Argumentation support systems are computer software for helping people to participate in various kinds of goal-directed dialogues in which arguments are exchanged. In the Policy Compass project, our focus is on applying an argumentation support system to help users to argue well about the pros and cons of proposed performance metrics and the reasons or causes of particular performances when applying performance metrics to evaluate performances in the monitoring phase of the policy life cycle.
Argumentation support systems are designed to complement and be used with discussion forums, email, blogs and other computer-based messaging or publishing systems. While messaging and publishing systems provide ways to write and send messages or articles to one or more users, they do not provide specialized tools designed explicitly to support argumentation tasks. For example, they provide no way for a citizen to obtain a quick overview of the issues which have been raised, to list ideas which may have been proposed for resolving such issues, to see in one place the arguments pro and con these proposals, or to get an idea about which positions currently have the best support given the arguments put forward thus far in the dialogue. These are just a few of the kinds of services offered by argumentation support systems.
We have evaluated and compared a number of argumentation support systems currently available, including:
Properties of Argumentation Support Systems
We have evaluated these argumentation support systems along several dimensions:
The main types of dialogue supported: persuasion, information-seeking, negotiation, deliberation, or eristic.
The models of argument structure supported: Toulmin (Toulmin 1958), Issue-Based Information Systems (IBIS) (Kunz and Rittel 1970), Beardsley/Freeman, the de facto standard in philosophy (Beardsley 1950; Freeman 1991), abstract, if attack or support relations between arguments are modelled, without modeling the internal structure of individual arguments, as for example in Dung abstract argumentation frameworks (Dung 1995), or graph, if only generic directed graphs are supported with no explicit data model for argument structure. Toulmin and IBIS models can be simulated using Beardsley/Freeman models, but not vice versa. By “structure” here, we mean the underlying conceptual or mathematical model of argument structure, not the diagramming methods for visualizing the structure in argument maps. The same structure can be visualized in various ways.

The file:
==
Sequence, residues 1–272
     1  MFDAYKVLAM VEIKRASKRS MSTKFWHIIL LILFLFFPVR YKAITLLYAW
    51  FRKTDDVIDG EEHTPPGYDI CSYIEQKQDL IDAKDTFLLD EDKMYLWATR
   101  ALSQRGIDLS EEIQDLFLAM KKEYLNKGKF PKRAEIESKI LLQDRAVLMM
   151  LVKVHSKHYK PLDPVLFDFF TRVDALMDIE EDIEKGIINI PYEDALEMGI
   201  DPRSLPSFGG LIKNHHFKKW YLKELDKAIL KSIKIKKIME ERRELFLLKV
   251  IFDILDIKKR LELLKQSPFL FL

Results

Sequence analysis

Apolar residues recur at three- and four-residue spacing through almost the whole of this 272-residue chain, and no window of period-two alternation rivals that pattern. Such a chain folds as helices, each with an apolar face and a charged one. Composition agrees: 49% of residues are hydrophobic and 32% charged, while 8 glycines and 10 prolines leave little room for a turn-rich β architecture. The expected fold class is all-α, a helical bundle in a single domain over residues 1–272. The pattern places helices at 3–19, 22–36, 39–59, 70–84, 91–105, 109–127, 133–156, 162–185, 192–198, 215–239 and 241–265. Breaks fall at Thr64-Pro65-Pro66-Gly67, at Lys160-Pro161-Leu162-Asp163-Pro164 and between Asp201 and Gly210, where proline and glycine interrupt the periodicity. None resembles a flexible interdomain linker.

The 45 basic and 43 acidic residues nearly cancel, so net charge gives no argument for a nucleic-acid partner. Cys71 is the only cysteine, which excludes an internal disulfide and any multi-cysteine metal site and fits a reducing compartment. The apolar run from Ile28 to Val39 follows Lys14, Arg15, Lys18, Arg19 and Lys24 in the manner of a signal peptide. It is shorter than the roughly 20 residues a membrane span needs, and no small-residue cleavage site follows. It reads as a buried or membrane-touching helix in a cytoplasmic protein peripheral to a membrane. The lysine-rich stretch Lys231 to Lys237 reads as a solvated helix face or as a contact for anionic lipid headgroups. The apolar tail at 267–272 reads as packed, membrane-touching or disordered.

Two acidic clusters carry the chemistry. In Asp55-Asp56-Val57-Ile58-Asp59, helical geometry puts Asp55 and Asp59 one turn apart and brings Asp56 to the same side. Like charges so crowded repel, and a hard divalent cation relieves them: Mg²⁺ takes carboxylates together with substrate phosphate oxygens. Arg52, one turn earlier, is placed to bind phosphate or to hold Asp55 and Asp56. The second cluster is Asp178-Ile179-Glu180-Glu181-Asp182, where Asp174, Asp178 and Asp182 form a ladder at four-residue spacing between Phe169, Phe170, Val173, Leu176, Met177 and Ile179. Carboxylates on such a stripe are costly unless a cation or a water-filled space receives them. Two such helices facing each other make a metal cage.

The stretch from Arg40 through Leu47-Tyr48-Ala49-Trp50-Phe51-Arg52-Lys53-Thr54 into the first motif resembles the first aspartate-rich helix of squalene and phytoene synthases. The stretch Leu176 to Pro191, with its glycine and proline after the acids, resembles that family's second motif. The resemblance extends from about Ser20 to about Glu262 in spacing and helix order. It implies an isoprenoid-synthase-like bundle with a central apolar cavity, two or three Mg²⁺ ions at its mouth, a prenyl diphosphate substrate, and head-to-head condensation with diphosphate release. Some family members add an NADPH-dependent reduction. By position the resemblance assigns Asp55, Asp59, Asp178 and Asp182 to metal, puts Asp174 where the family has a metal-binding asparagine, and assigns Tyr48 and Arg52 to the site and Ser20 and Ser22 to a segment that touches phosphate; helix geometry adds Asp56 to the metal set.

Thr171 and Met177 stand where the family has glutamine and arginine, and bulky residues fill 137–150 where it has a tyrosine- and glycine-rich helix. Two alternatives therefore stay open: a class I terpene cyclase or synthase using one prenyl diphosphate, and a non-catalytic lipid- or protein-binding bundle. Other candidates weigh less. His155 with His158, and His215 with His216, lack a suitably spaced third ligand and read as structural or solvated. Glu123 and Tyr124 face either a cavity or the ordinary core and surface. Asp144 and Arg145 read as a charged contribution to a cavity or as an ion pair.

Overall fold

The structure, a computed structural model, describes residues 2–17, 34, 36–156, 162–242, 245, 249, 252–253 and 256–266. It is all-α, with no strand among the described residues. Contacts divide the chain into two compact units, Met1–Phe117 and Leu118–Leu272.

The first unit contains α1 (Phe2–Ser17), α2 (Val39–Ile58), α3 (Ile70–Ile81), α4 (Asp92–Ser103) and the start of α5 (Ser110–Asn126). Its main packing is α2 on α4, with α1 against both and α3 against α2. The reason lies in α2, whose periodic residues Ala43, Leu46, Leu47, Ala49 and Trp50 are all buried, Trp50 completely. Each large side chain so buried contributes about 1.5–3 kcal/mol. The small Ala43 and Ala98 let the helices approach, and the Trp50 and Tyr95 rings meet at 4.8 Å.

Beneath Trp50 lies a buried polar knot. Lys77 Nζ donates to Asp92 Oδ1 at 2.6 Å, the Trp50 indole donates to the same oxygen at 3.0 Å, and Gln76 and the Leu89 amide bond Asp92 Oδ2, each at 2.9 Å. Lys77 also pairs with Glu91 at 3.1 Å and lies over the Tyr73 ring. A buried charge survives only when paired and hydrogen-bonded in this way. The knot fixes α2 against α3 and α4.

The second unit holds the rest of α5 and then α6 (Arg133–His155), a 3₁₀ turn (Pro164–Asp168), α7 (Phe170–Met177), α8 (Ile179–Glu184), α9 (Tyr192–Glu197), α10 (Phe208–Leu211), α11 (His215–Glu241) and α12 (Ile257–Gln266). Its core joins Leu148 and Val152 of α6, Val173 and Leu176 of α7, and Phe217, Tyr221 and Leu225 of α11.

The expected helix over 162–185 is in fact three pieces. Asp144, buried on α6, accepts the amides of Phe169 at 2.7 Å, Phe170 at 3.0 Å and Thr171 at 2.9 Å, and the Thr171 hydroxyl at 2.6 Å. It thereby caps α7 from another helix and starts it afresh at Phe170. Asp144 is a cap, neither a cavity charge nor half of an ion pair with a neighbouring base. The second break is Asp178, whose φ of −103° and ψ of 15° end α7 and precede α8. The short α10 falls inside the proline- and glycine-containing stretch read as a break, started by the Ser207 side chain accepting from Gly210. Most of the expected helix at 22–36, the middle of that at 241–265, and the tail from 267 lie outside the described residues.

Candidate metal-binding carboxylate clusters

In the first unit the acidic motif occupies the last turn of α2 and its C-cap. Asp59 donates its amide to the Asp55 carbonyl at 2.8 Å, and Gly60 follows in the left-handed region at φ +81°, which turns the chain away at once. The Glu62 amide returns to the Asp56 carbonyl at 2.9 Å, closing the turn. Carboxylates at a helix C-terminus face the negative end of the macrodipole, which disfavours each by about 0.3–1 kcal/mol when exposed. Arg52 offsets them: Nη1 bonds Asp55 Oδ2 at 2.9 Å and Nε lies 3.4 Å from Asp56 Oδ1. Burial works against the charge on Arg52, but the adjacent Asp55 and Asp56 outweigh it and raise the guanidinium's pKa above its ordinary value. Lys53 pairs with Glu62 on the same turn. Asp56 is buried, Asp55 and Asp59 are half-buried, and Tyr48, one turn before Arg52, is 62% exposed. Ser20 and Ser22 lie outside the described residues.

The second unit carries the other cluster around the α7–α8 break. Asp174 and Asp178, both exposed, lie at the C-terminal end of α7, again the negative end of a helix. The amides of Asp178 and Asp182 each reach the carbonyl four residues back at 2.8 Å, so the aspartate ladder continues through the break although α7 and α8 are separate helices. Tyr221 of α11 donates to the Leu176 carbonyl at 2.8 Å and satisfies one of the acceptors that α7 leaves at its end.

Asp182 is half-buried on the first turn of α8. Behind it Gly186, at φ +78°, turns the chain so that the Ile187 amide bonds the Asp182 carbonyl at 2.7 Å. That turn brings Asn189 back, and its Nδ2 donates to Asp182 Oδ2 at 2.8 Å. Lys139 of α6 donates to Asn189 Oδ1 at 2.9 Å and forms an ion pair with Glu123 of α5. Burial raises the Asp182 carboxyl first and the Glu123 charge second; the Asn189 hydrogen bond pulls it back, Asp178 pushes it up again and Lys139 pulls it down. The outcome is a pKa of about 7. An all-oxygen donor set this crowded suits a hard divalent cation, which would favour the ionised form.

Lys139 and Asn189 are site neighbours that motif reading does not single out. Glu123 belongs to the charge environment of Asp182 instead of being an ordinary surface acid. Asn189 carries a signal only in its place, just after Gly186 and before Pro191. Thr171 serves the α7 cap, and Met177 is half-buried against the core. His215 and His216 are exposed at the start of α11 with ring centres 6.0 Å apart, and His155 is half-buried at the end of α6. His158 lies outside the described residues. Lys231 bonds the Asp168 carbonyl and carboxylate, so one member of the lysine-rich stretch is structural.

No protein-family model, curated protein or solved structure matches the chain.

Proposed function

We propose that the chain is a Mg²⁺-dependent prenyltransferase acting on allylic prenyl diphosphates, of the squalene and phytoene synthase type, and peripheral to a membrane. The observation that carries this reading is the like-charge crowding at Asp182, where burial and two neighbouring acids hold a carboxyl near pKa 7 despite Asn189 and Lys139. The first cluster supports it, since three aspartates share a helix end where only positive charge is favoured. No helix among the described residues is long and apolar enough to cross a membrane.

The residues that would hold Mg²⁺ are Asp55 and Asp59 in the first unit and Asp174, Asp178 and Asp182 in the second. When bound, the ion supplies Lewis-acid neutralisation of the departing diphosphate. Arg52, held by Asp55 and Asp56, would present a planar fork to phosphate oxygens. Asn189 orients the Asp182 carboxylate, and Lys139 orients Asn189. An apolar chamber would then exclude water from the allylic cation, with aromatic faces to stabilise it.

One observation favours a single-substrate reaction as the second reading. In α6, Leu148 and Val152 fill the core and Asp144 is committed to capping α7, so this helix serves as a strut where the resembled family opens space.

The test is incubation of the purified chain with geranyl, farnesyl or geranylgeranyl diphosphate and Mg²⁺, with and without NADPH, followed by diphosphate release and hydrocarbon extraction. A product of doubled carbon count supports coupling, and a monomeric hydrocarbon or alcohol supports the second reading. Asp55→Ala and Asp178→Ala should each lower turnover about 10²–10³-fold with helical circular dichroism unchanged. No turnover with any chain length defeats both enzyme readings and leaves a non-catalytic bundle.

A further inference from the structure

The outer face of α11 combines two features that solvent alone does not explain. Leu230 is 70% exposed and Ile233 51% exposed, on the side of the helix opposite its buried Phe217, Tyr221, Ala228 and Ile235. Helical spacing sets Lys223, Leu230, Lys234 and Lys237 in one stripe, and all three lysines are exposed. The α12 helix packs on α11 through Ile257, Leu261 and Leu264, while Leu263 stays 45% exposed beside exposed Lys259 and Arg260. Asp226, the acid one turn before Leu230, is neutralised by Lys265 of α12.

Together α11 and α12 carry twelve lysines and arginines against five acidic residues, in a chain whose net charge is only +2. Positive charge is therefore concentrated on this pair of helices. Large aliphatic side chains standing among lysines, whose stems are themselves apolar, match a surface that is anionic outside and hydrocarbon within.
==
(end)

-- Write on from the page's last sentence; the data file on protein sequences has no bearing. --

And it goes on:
The forms of metadata supported for annotating elements of the model: plain text, URL, hypertext using a markup language such as HTML or Markdown containing links to source documents, or a structured set of attributes and values, using for example the Dublin Core metadata element set.
Argument Evaluation and Analysis.
The methods of argument evaluation supported: manual, automatic, using a theorem prover or computational model of argument such as ASPIC+ (Prakken 2010), or none.
Argument Construction and Reconstruction
The methods supported for constructing or reconstructing arguments: knowledge-based, using rule-based systems to generate arguments from domain models, schemes, if forms for instantiating argumentation schemes are provided, or manual, if schemes are not used.
The argumentation schemes supported by the system: none, strict, defeasible, or configurable, if the system provides a language for specifying custom argumentation schemes. Strict schemes are deductively valid inference rules. Defeasible schemes express rules of thumbs, where the premises provides reasons to accept the conclusion, but the conclusion can be defeated by counterarguments.
Argument Visualization and Browsing
The methods supported for visualizing and browsing arguments: argument maps, i.e. two or more dimensional diagrams, hypertext, or none.
Argument Map Layout
The methods supported for laying out argument maps: automatic or manual.
Whether the system is a single-user or a multi-user system.
The methods provided for supporting the procedural aspects of argumentation dialogues: configurable argumentation protocols, commitment stores, or none.
The data formats supported for exporting arguments for use with other systems: Argument Interchange Format (AIF), the Rationale format (RTNL), the Legal Knowledge Interchange Format (LKIF), the Carneades Argument Format (CAF), the GraphML interchange format for directed graphs, Portable Network Graphics (PNG), Portable Document Format (PDF), Structured Vector Graphics (SVG), or none.